14 August, 2017
Pneumonia Symptoms in Infants
Pneumonia, a lung infection, is caused by several microorganisms, including bacteria, viruses, parasites and fungi, states KidsHealth, a medical resource provided by the Nemours Foundation. Depending on the cause, infants with pneumonia may require medical treatment to assist with breathing or fluid replacement. Like any infection, treatment of pneumonia is based on the cause. Symptoms of pneumonia in an infant tend to be similar regardless of the cause of the infection.
Pneumonia primarily affects the lungs. An infant may only have symptoms of pneumonia that involve breathing, such as rapid breathing, labored breathing or noisy breathing. It is evident that an infant's breathing is labored when the skin is pulled tight across the ribs with each inhale. The nostrils may retract and flare with each breath as well. Wheezing or whistling sounds while inhaling or exhaling can also be symptoms of pneumonia. The University of Michigan Health System explains that chest rattling is possible in infants but it is not always a definite sign of pneumonia. Noisiness is because of fluid building up in the lungs, specifically in the air sacs (alveoli). This fluid is the primary cause of all respiratory signs of the infection.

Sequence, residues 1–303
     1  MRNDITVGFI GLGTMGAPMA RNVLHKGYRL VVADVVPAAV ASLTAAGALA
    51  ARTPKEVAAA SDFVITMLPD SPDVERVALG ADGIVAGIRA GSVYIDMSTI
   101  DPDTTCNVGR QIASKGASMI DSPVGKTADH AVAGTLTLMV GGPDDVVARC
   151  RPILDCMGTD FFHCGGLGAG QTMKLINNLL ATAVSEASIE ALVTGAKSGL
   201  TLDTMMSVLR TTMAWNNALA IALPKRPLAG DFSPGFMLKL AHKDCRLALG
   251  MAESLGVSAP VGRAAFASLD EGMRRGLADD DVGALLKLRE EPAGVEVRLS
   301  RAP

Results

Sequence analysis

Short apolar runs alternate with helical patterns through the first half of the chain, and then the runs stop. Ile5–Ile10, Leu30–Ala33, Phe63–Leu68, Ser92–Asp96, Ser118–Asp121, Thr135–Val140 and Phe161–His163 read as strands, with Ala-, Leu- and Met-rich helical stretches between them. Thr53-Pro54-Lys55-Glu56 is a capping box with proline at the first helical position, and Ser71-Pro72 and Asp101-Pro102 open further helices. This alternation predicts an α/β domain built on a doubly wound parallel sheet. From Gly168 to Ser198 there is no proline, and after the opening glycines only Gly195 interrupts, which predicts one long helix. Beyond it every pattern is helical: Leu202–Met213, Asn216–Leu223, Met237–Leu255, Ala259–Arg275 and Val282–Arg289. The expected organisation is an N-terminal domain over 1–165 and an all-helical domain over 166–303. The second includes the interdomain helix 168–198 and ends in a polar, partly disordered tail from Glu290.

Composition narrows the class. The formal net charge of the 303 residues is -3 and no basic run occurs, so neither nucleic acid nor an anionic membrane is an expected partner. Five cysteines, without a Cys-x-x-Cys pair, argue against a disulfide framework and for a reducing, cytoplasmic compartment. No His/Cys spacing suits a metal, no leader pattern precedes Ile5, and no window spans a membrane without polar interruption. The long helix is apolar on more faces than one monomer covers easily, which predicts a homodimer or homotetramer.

When a respiratory infection impacts the lower parts of the lungs, abdominal symptoms of illness can be the result, states KidsHealth. An infant may vomit or cry from abdominal pain. Other signs that an infant is suffering from stomach pain include pulling the knees upward, crying inconsolably or refusing to eat.
The American Academy of Family Physicians says some of the strongest predictors of pneumonia in children include a fever and cyanosis, a blue tint to the skin. An infant without a fever and respiratory symptoms isn't likely to have pneumonia, says the AAFP. An infant's temperature can get as high as 104 degrees Fahrenheit. Depending on the infant's pediatrician and age, any temperature over 100 degrees may require immediate medical attention. In extreme cases, an infant may have blue or gray lips and/or fingernails. This discoloration is the result of blood cells having inadequate oxygen supply, making them easy to see through the skin.
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